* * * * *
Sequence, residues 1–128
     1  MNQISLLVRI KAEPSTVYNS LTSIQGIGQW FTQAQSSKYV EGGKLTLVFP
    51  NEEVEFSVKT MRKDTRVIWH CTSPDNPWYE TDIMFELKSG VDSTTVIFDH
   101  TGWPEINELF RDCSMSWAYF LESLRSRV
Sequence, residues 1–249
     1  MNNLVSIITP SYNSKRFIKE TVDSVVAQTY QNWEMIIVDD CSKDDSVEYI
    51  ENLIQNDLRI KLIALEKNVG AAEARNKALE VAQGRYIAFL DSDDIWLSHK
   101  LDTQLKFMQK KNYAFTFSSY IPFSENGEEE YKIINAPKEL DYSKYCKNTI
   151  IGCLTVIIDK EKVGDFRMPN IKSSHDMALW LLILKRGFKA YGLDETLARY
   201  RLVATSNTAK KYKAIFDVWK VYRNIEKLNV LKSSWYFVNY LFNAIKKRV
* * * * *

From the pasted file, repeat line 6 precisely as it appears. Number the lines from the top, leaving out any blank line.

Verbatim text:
     1  MNNLVSIITP SYNSKRFIKE TVDSVVAQTY QNWEMIIVDD CSKDDSVEYI